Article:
Simone looked sideways at him, assessing whether he was pulling her leg. She already suspected that his wonderful, boyish good looks hid the fact that he probably wasn’t all that smart. She looked more closely at the approaching humans. He may have a point, there was definitely something wrong with the way they walked; their legs were strangely stiff – what on earth was that about? Anyway, what put the tin hat on it for her was the fact that the farmer usually drove his truck over, the back full of feed. So why were they walking and why were there so many of them? So many unanswered questions. And on an empty stomach she couldn’t concentrate properly.
“Barry,” she called to the big pig. “The incomers are right. I think there is a problem.”
“Nonsense, the humans are here to feed us. They do it every day. We simply have to think of it and they come, what can be more natural?”
Simone sighed. Looking at the approaching crowd she could see that the last thought on their minds was feeding the pigs; feeding on them perhaps. Their staring eyes looked crazed, even to her young, inexperienced mind. The other thing that was bugging her was that Barry always came across a little overbearing, something she hated in others; just because he thought of himself as a bit of a stud, somehow it followed that he couldn’t make mistakes. Having covered most of the sows in the group at one time or another, he had a power over them he couldn’t, and wouldn’t, ever have over her; certainly not now that Babe was here.
Deciding to reject Barry as the leader, she ran over to the group of sows and shouted at them to stop. All they did was smile in their own patronising way, nuzzle her gently out of their path and keep walking to the troughs for their afternoon chow-down. It was a little earlier than usual but they were just fine with that. Eventually Babe joined his beloved, and together they attempted to browbeat the older ones into stopping, but they were just too heavy, too determined, and too led by their stomachs and circadian rhythms to be interested in listening to the young ’uns.
The gate to the paddock swung open with a clang – the humans had finally figured out how to open simple mechanisms like a gate lock, and so they continued their inexorable and awkward march towards the pigs.
The danger was imminent by now, the bipeds’ walking-speed increasing with their seemingly burgeoning excitement. Their groans were getting faster, and like a drummer boy’s beat, the sound urged their dead bodies on, faster and faster towards their prey.
At the last moment the pigs realised the danger they were in – although what had finally alerted them was not clear – but it was too late, the family was doomed.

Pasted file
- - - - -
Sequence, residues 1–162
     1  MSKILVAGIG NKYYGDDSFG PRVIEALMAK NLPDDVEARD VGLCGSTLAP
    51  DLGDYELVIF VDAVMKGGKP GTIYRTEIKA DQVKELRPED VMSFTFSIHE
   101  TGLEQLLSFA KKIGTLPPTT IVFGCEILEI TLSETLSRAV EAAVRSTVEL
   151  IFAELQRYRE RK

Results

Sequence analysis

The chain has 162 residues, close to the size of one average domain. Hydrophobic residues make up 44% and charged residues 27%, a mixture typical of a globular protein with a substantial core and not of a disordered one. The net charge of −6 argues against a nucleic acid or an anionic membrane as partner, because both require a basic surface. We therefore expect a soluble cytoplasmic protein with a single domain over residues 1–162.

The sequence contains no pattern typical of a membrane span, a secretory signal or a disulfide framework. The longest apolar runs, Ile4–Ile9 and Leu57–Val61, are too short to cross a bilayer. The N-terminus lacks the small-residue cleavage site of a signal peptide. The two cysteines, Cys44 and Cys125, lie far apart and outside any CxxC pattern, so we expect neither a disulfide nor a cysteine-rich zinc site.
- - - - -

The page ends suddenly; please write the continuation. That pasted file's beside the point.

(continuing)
Without the usual caution a human used around pigs, the attackers fell on the porcine prey with lightning speed, biting and tearing at their flesh. Heart-rending screams betrayed the ferocity of the attack and within seconds most of the pigs had received fatal wounds. Simone and Babe, already skittish due to their awareness of the approaching danger, somehow managed to stay clear of the initial assault.
Goliath joined the fray, using his powerful hind legs to belt the attackers. When he struck successfully the human would go flying through the air, landing clumsily and remaining inert, the body completely broken. Shep also tried his best to assist, barking and biting at the heels of the aggressors, but they paid him little attention.
Suddenly, through the melee Simone saw her mother, blood pouring from a neck wound as she floundered helplessly in the mud, squealing and whimpering as the man on top of her tore at her flesh with tooth and nail.
“Noooo…” she screamed and ran towards her mother’s attacker who was sitting astride the sow as he continued to tear at the dying animal’s flesh. With a single leap Simone connected with the murderous human and together they fell to the ground, Simone’s little gnashers tearing at the man’s arms and hands. Under normal circumstances her bone-breaking bites would have sent a normal man desperately scurrying for cover, but not now, he knew no pain or fear, and after a moment had grabbed the little pig and held her immobile with his strong, claw-like hands. He was preparing to give back some of her own medicine and his jaws parted slowly. The bloody maw began to close on Simone’s neck.
Babe, anticipating what the new love of his life was about to do, ran into the melee and, although he wasn’t quick enough to stop her attack, he did manage to connect like a cannon ball with the man’s torso, driving all three of them into a ball of flailing hooves, arms and legs. In the turmoil the man let go of Simone and together they scurried out of his reach. He began to crawl towards them, bloody saliva running in a constant stream from his mouth. He was chewing on flesh and for a moment Babe feared it was part of Simone, but looking her over quickly, he realised it was more likely to be part of her mum. Dear God, he thought, what a terrible sight. And poor Simone, she was powerless to intervene although her stout little heart had allowed her at least to try. They ran over to Babe’s group of friends and together all of them fled the terror, leaving the battlefield scene of carnage behind them in the quiet valley.
Silence descended once more, only interrupted by slurping and the crunch of bones as the humans fed.
Copyright © 2013 David Kingsley Roberts
Zombie books by David K Roberts:
The Common Cold: A Zombie Chronicle
The Common Cold: A Zombie Chronicle – Cabin Fever (Sequel)
Return Of A King: A Zombie Chronicle
Return Of A King: A Zombie Chronicle – Z Factor (Sequel)